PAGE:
What to do when faced with a rent increase and rising demand?

Rents are rising in many states across Australia, where many areas have vacancy rates of just above zero. So what do you do when asked to stretch your budget to meet a rent increase?

Key takeaways

  • Only the Australian Capital Territory has regulations which limit the amount a landlord can increase the rent
  • In most states, you can dispute a rent rise, but the onus is on you (as the tenant) to prove it’s unreasonable
  • In most cases, rents can only be increased if the original tenancy agreement includes specific details about future increases

If you haven’t had one yourself, you probably know someone whose landlord has tipped an upcoming rent increase. It can be a struggle to try and find a new rental within the budget, but the alternative can also be just as tricky – especially if you’re trying to move in a market where vacancy rates are super low.

Unfortunately for tenants, most states don’t regulate how much landlords can increase the rent.

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My landlord plans to increase the rent once I renew, but it’s more than I can afford

In most cases, your first step should always be a discussion with your property manager or landlord.

Remember that each state and territory has its own governing body to uphold tenancy regulations and resolve disputes. So, if you’re in Queensland, for example, the RTA provides a free dispute resolution service if you can’t get a result from your initial discussions.

These services don’t exist to make decisions about disputes, but they do help all parties (you and your landlord/property manager) try to reach an agreement.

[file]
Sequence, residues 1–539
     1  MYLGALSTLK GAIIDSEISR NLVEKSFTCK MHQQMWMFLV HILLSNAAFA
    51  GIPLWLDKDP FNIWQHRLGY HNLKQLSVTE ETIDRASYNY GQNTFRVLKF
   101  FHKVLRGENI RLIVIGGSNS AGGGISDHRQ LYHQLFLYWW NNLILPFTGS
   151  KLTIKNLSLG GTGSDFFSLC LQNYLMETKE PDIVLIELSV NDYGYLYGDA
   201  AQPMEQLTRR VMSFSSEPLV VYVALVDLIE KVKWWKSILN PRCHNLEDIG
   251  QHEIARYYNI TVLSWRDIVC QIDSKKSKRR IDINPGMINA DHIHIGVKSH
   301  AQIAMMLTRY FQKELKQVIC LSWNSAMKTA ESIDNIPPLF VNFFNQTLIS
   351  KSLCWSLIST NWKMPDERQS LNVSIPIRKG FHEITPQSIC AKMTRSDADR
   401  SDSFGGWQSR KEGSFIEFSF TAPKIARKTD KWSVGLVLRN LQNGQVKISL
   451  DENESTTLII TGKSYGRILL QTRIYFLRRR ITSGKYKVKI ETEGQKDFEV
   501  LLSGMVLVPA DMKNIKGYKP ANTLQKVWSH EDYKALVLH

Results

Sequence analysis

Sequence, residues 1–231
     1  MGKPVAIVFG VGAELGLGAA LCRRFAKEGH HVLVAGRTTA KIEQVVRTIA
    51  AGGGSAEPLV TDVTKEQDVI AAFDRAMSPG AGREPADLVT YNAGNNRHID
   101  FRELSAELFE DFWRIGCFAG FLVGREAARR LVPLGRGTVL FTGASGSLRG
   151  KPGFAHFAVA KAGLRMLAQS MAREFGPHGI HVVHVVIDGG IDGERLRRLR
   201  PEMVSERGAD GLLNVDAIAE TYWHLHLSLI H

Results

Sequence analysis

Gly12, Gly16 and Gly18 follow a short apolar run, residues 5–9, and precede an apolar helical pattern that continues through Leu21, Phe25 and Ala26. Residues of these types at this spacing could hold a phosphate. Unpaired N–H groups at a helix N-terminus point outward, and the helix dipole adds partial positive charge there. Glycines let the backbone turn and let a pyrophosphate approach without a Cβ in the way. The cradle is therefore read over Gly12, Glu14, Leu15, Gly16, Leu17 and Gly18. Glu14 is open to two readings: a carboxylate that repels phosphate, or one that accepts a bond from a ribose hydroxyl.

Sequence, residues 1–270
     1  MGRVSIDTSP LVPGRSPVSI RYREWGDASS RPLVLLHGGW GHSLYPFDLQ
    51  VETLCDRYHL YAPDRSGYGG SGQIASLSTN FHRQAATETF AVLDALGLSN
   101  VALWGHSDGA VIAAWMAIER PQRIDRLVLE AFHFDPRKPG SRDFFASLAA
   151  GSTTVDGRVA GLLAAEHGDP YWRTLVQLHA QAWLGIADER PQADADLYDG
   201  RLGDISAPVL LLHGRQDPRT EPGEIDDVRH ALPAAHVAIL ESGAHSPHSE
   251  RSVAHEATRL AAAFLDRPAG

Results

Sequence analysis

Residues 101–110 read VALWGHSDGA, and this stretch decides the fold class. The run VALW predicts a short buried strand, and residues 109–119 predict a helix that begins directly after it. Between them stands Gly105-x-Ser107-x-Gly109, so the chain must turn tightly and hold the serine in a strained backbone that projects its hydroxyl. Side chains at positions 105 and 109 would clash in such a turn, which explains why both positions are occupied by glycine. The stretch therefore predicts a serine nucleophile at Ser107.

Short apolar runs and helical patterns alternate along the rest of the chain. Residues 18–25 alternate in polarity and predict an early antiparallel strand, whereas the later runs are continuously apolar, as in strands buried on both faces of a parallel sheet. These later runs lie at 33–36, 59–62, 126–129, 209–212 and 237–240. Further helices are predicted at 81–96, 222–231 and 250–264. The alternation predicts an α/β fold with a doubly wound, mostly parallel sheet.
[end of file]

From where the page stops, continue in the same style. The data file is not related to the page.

If you can’t reach a resolution, you can progress the discussion to the tenancy tribunal in your state. In Queensland, that’s the Queensland Civil and Administrative Tribunal (QCAT).

Worth considering: If you plan to take this to the tribunal, you may need to sign the agreement for the increased rent first and then apply for a dispute resolution within a set time frame. If you win the case, you might get lesser rent, but if you don’t, you’ll be stuck with the agreement you signed.

How often can my rent be increased?

It should come as no surprise that rules around how often rent can be increased vary from state to state.

Regulations vary, but in most cases, rents can only be increased once every six months or once a year in some states.

In all states and territories (ACT being the one exception), your tenancy agreement must include a clause that relates to rent increases with either:

  • an exact amount provided; or
  • an explaantion of how it’s calculated.

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3 COMMENTS

  1. It should need to be legally advised how much landlord can increase the rent on renewal tenancy. I feel its not fare to increase more than 10 to 15$ pw. Its my personal experience, there is no increment in your pay but have to pay more to your load lords which should be fine but at the limit not more than 20$ pw increment for same property. If they know its in high demand and everyone looking for rental property so taking a advantage does not matter the propety really deserve that value.

  2. The law did once say that the rent could not increase more that $20 per week. And only once every 12 months. I’d like to know when this law changed and why. This is not fair on tenants. Landlords should not be able to do this just because they want more rent based on the value of the house. Housing values drop and rise all the time, but tenants income does not.

  3. I have just received a lease renewal notice ( current one expires in Jun 22) I have been advised my new rent will be an increase of $60 per week.

    Yes $60 per week that is just unethical and immoral in my opinion but what choice does the tenant have, sign the new lease or move out.

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